September 23, 2013
Declining Corals May Drastically Affect Crustacean Biodiversity
Brett Smith for redOrbit.com - Your Universe Online
With many scientists expecting climate change to have a devastating effect on the world’s coral reefs over the coming century, new research from the University of Florida indicates that crustacean populations living near rapidly declining reef habitats could be at risk.Appearing in the November issue of the journal Geology, the new study is based on an analysis of the fossil record surrounding decapod crustaceans, a group that includes shrimp, crab and lobster.
“We estimate that earth’s decapod crustacean species biodiversity plummeted by more than 50 percent during a sharp decline of reefs nearly 150 million years ago, which was marked by the extinction of 80 percent of crabs,” explained study author Adiël Klompmaker, a postdoctoral researcher at the Florida Museum of Natural History on the UF campus.
“If reefs continue to decline at the current rate during this century, then a few thousand species of decapods are in real danger. They may adapt to a new environment without reefs, migrate to entirely new environments or, more likely, go extinct.”
According to study researchers, their paper is the first comprehensive look at the rise of decapod crustaceans in the fossil record. The study is based on a worldwide specimen database of fossils from the Mesozoic Era, which spanned from just over 250 to 66 million years ago.
The researchers tracked patterns of diversity and found that an ancient increase in the number of decapod species was related to the abundance of reefs, due to the reefs serving as a place both to find shelter and forage. Dubbed the “Mesozoic decapod revolution,” this period in Earth’s history saw a 300-fold increase in species diversity over the previous period and in the rapid evolution of crabs.
The researchers noted the difficulty in compiling the data for the study since most decapods possess a fragile exoskeleton that does not fossilize well.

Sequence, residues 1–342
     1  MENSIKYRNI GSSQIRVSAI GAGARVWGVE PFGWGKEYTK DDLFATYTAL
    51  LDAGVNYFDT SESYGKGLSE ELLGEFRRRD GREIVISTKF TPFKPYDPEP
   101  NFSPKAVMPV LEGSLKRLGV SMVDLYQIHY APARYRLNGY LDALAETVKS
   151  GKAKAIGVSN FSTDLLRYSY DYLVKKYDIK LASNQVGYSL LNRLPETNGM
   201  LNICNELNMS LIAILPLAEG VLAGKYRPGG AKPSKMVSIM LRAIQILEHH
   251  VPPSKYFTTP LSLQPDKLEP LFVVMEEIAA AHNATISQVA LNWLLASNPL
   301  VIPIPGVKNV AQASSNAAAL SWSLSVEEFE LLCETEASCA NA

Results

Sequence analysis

“Only a scant fraction of decapod crustaceans is preserved in rocks, so their fossil record is limited,” said study co-author Michal Kowalewski, curator of invertebrate paleontology at the Florida Museum. “But, thanks to efforts of paleontologists many of those rare fossils have been documented all around the world, finally giving us a chance to look at their evolutionary history in a more rigorous, quantitative way.”
“This new work builds a good case for the role of reefs in promoting the evolutionary diversification of crustaceans,” added David Jablonski, a paleontologist in the department of geophysical sciences at the University of Chicago who was not directly involved in the study.
“We have to take their argument for the flip side of that story very seriously. The positive relation between reefs and crustaceans implies that the damage caused to reefs by human activities — from overfishing to ocean acidification — is likely to have cascading consequences for associated groups, including crustaceans.”
He pointed out that the new study also opens up several avenues for future research.
“It would be very interesting to extend this analysis into the Cenozoic Era, the 65 million years leading up to the present day,” Jablonski said. “And it would be valuable to look at the spatial structure of the crustacean diversification, for example how closely their diversification was tied to the extensive reefs in the western Pacific and was damped in the eastern Pacific with their much sparser contingent of reefs.”